7. The frames rest on top of the two ends. The front and back rail form the back of the frame rests. Both rails are 15-7/8” long. The back is 2-1/8” wide. The front, which sits on the portico roof, is 1¼” wide. The front rail has an upper entrance, 3” long by 1/4” wide and slanting downward from inside to outside.
8. Make two ledges to run from the portico roof to the back rail, 7/8” square by 20-3/4”. One back ledge, 7/8” square by 17-5/8” completes the hive body.
Triangular Entrance Regulators
9. Make a block 4” x 5¾”. Cut in half diagonally. On the bottom, cut grooves 1/8” deep x ½” wide. The grooves are supposed to attract wax moth larvae for you to remove periodically. The entrance regulators remain loose and can be added or removed as needed, depending on the strength of the colony.
10. Make a panel from tongue and groove stock 25-3/4” x 19” with the grain running lengthwise. Langstroth recommends rain-grooves at the tongue and groove seams – bevels forming a gutter to draw water away from the seams. A better solution would be to cover the top with sheet metal. Two cleats, 2” x 19”, fasten to the underside, flush with the ends.
11. Make 10 top bars 5/16” x 1” x 19-1/8”. If you plan to fasten comb to the top bar, you are done.
12. If starting a colony without combs, you’ll need triangular comb guides. Crosscut the wood to 16-3/8”. Set the table saw arbor to 30 degrees and the fence 7/8” from the bottom of the saw blade. Use a push stick to prevent kickback. The first cut will be a waste piece. Rotate the stock end over end and saw out the first triangular piece. Continue until you have ten per box.
13. Make 20 side bars 1/2” x 7/8” x 8 5/8”.
14. Make 10 bottom bars, 1/4” x 7/8” x 17 3/8”.
Moveable Hive Stool
15. Make a front and rear leg, both 20” long, the front 5” wide and the rear 7”.
16. Make two pieces 1-3/4” x 32”. Nail them across the top of the two legs as illustrated, projecting 4” beyond the rear leg and 9” beyond the front leg.
17. Two more pieces, 1½” wide are trimmed to fit and attached to the sides to brace the legs.
18. Hem a piece of cotton duck canvas, 8” x 20”. Tack to the front as an alighting board for the bees. The hive fits loosely on the stand. Langstroth’s illustration shows small wooden wedges holding the hive in place.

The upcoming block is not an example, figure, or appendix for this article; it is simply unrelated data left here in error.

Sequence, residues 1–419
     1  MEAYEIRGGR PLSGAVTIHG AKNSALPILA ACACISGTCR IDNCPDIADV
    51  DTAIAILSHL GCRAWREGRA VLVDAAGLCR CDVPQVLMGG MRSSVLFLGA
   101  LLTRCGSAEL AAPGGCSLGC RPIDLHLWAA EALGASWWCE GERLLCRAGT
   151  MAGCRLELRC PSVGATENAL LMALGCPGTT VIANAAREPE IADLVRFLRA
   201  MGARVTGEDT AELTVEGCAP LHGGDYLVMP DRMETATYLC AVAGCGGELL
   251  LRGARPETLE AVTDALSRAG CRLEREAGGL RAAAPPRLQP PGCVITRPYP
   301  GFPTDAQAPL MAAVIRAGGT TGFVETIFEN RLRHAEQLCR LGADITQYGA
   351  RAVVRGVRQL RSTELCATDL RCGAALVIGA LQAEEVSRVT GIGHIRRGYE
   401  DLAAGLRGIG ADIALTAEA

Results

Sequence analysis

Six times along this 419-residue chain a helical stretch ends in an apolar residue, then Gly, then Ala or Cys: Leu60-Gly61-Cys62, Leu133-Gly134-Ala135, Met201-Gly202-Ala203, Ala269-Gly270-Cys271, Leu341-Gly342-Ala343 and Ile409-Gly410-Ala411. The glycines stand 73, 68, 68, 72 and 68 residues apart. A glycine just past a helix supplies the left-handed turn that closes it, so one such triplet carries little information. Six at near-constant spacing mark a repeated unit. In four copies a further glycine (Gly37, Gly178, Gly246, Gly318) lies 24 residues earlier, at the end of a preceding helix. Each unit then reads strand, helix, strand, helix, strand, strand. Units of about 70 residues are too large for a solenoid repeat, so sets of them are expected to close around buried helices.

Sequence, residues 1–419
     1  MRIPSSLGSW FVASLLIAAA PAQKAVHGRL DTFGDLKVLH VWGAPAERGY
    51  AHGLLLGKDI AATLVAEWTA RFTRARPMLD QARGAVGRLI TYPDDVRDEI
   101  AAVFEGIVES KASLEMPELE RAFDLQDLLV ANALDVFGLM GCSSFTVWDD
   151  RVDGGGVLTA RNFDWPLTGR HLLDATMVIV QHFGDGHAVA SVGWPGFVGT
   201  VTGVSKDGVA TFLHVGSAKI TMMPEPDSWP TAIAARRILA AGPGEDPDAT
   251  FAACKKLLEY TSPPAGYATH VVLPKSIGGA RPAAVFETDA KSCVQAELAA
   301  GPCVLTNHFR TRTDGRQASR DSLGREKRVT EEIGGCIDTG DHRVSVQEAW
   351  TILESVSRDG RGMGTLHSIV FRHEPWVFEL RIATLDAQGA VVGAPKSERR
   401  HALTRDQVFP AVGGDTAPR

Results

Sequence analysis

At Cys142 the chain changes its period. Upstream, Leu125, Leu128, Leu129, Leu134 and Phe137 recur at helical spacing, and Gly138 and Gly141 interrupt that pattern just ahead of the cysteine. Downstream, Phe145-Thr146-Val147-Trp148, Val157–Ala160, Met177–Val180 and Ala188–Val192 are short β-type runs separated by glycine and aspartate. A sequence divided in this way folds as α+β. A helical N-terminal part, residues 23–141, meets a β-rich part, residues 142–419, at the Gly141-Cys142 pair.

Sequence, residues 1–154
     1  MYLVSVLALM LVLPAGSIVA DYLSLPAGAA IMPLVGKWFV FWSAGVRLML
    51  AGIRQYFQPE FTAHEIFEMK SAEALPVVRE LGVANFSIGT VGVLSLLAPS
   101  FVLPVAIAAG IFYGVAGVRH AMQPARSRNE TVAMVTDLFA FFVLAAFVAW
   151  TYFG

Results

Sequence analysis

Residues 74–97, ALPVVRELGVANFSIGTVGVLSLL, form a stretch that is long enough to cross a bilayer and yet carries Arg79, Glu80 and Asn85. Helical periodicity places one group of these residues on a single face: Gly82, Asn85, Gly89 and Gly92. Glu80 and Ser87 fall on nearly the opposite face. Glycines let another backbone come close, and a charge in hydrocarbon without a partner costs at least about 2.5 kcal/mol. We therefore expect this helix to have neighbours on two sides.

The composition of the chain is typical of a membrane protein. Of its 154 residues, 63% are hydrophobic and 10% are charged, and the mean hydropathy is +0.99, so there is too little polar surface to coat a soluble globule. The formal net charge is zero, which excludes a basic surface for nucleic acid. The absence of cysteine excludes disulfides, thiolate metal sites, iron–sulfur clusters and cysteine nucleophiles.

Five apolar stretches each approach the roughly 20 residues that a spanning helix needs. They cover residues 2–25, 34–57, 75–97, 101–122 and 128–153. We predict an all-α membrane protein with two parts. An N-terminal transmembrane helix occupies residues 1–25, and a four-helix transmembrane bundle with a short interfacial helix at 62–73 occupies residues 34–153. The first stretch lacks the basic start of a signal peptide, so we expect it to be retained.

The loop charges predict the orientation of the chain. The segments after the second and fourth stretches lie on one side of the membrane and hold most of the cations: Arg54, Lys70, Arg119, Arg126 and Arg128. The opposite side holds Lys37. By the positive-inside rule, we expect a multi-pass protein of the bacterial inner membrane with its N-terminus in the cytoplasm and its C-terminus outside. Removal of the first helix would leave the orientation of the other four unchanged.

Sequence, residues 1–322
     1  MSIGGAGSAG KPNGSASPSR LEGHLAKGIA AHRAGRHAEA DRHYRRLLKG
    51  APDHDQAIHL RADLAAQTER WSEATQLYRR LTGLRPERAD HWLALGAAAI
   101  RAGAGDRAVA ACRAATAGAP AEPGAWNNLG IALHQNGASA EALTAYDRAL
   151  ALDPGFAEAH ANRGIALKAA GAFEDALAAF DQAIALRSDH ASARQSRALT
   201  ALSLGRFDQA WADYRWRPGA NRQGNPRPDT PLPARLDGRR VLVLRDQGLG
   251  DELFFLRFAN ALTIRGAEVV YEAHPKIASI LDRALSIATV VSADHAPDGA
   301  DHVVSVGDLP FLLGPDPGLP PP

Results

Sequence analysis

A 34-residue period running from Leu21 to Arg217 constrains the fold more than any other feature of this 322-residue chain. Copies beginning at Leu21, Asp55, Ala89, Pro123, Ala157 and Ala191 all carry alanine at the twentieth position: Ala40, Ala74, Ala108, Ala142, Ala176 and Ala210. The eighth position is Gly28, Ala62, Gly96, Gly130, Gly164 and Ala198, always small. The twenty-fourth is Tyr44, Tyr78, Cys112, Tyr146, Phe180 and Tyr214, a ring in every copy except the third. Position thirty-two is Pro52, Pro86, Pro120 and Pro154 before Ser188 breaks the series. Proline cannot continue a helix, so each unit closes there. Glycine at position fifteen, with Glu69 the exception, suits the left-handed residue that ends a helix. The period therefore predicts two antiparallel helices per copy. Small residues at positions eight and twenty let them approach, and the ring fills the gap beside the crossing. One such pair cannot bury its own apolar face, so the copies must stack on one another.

Use exterior nails, zinc coated or stainless steel for nailing the hive together. For maximum strength, use spiral threaded nails, 2”-2½” long when nailing into end grain. Use 1½” nails when nailing 7/8” to 7/8” pieces. Drilling pilot holes just smaller than the nail’s diameter prevents splitting and increases a nail’s holding power.
19. Nail the floor to the sides. The back end should fit into its grooves and flush at the back. The top of both ends should be 5/8” below the top of the sides and 3/8” above the floor. The front end is flush and square with the notch for the portico roof. Nail the ends in place.
20. Center and nail the portico roof. Nail the front and back rails. Add the two sides and one back ledge.
21. There is a back entrance at the bottom. Make a shim to fit (not pictured) and slide it into place. Most of the time that remains closed.
22. When assembling the frames, use 1½” pneumatic staples or standard frame nails to fasten the top and bottom bars to the side bars. If making several hives, make a jig to align the parts for nailing.
23. Assemble the stool. Tack the canvas to the frame after painting.
Once the hive and frames are assembled, prime and paint the hive with exterior paint. The hive is ready to stock with bees. For directions on stocking and using the original patent hive, read Langstroth’s Practical Treatise on the Hive and the Honey-bee. It is still in print or available online.
Peter Sieling is a beekeeper and expert craftsman. He builds hives and he builds other things out of hive parts from his home in Bath, NY.